By Robert Knight, Howard T. Odum Florida Springs Institute
Kudos to the owners, editors and reporters of the Gainesville Sun and the Ocala Star Banner for renewing their in-depth investigative reporting about the declining conditions at Florida’s springs.
The original Fragile Springs series was published in November 2013 and subsequently was awarded the 2014 Editor & Publisher Eppy Award for Best Community Service reporting. Those articles covered the good, the bad and the ugly of Florida’s 1,000-plus artesian springs and contributed to a better-informed public regarding the importance of abundant, clean and fresh groundwater for all life in North Florida.
In a series of articles, videos and podcasts researched over the past several months, Sun reporter Cindy Swirko and photojournalists Brad McClenny and Alan Youngblood, with guidance from Executive Editor Doug Ray, have updated the Fragile Springs story.
While we enjoy being optimistic, our region’s battered springs and the wildlife they support have continued their steady decline. For readers who might appreciate a synopsis of the continuing Fragile Springs odyssey, I offer the following summary.
The three leading causes of springs’ impaired health continue to be, in order of severity: flow reductions, nitrate pollution and excessive recreation. While all three of these major stressors have relatively easy and inexpensive solutions, Florida’s state and local governments have favored policies that continue to reward and subsidize the guiltiest perpetrators of springs harm.
The long-term trend in declining spring flows statewide is primarily the result of excessive groundwater pumping. No other explanation comes close to explaining the fact that Florida’s springs have lost about one third of their natural flows. The science shows that springs ecological health is harmed by flow reductions of about 5%. No wonder there is visible harm at the majority of Florida’s springs.
The obvious solution to this problem is to reduce groundwater pumping. This can be accomplished by reducing all state-issued groundwater permits, imposing a fee on all groundwater extracted payable to protect springsheds, and an increased reliance on using rainfall for crop and landscape irrigation.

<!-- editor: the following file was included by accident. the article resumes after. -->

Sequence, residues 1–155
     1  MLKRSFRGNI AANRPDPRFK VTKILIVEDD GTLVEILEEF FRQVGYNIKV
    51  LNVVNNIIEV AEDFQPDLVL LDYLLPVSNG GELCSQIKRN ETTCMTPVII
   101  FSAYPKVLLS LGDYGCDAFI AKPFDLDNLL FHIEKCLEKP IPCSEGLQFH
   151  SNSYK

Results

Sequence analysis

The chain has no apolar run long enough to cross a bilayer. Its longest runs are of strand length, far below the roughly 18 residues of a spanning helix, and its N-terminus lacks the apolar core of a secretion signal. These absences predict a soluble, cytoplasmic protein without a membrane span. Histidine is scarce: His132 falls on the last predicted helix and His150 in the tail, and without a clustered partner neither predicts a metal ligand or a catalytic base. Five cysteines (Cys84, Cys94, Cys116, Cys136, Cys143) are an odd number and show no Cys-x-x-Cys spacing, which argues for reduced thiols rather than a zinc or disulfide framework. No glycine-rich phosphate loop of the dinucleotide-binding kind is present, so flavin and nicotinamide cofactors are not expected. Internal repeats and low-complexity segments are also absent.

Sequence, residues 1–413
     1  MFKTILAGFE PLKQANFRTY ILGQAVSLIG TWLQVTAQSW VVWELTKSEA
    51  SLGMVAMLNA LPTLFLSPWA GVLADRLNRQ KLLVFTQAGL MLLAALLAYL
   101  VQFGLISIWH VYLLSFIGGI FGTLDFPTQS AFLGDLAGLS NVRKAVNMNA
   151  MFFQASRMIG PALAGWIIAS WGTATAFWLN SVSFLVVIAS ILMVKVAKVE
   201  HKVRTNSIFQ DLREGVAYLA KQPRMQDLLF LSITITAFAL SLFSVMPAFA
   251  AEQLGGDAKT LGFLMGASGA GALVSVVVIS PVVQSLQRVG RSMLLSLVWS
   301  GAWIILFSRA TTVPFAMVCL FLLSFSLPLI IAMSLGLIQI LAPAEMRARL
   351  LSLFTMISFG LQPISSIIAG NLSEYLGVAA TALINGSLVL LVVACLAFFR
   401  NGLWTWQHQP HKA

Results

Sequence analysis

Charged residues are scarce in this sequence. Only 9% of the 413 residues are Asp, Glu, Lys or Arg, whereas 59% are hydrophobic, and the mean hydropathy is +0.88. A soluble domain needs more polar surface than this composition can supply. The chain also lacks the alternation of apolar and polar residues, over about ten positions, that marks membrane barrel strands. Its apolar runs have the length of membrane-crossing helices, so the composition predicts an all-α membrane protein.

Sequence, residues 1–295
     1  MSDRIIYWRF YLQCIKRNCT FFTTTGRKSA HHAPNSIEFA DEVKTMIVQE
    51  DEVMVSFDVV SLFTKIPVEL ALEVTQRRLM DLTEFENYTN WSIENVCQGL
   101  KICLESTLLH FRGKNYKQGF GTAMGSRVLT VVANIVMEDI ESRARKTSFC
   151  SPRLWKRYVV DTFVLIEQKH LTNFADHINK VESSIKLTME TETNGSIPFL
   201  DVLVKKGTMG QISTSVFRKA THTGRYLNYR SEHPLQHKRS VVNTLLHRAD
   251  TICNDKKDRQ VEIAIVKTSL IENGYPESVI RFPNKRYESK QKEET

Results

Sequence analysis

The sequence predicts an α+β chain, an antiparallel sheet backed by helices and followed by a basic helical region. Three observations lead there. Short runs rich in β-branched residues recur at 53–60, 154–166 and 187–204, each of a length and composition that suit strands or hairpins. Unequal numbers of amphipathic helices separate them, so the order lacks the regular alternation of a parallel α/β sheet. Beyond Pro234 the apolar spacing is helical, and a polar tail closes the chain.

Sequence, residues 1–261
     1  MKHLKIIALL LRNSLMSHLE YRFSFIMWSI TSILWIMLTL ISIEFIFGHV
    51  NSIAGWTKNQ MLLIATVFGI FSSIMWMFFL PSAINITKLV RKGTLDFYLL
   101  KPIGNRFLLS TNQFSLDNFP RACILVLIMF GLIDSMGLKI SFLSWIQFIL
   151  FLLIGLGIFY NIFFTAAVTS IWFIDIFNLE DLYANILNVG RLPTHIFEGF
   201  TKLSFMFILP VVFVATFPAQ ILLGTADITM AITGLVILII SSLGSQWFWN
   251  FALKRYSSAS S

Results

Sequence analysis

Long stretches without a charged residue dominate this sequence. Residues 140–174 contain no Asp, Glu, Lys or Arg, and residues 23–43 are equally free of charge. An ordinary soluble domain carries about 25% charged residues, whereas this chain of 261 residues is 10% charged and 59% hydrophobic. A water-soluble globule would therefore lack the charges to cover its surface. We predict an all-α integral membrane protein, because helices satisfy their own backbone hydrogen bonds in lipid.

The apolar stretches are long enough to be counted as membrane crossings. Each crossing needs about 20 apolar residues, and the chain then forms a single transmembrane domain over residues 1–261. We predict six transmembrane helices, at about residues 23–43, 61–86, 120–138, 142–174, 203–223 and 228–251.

Instead of charging taxpayers for expensive pipes and pumps to move water around in circles, the state could leave the water in the aquifer feeding our natural springs – for no cost.
Not surprisingly, nitrate nitrogen concentrations are still rising in the Floridan Aquifer and in Florida’s artesian springs. These pollution increases are directly tied to the amount of nitrogen applied to the land surface by human activities.
An estimated 40 million pounds of nitrate nitrogen reach the Floridan Aquifer annually in the springs region. Not only does that nitrogen fuel algal blooms that kill native plants and animals in springs, nitrate is acutely and chronically toxic to humans at levels found in areas of intensive agriculture, animal husbandry and septic systems.
Instead of publicly funded Basin Management Action Plans that have limited success, the simple, no-cost solution for taxpayers is to stop subsidizing agricultural and urban development corporations by allowing them to pollute the aquifer. All controllable nitrogen sources must be regulated with a cap on use and a fee per pound of nitrogen. This revenue should be used to protect the aquifer and springs.
Fragile is a good adjective for Florida’s priceless springs. Their plant communities do not respond well to excessive human foot traffic. Springs-dependent wildlife encountering people are often frightened away from the waters they rely on. Outboard motors tear up submerged vegetation. Microplastics are accumulating in spring water, sediments and food chains. Even sunscreen washing off of hundreds of bodies may be harming our springs.
The easy solution is not always popular. But recreational springs must have a carrying capacity that protects them. Like a bull in a china shop, people and their machines should be limited or excluded from some springs. Just limiting parking and roping off the most sensitive areas can make a significant difference in springs health.
For those individuals reading the Sun’s Fragile Springs Revisited, let me offer this thanks and a warning. You are the best hope for a bright springs future. Thank you for caring and for sharing this information with other public-minded citizens. But all of us should heed this warning — a bright springs future is not ensured.
This opinion piece first appeared in the Gainesville Sun.
Robert Knight is the director of the Howard T. Odum Florida Springs Institute in High Springs. He is the author of three springs books, including “Silenced Springs – Moving from Tragedy to Hope” and “Death by a Thousand Cuts – an Anthology of Springs Opinions.” His newest book to be released soon is titled “Saving Florida’s Springs – A Prescription for Springs Health.”
“The Invading Sea” is the opinion arm of the Florida Climate Reporting Network, a collaborative of news organizations across the state focusing on the threats posed by the warming climate.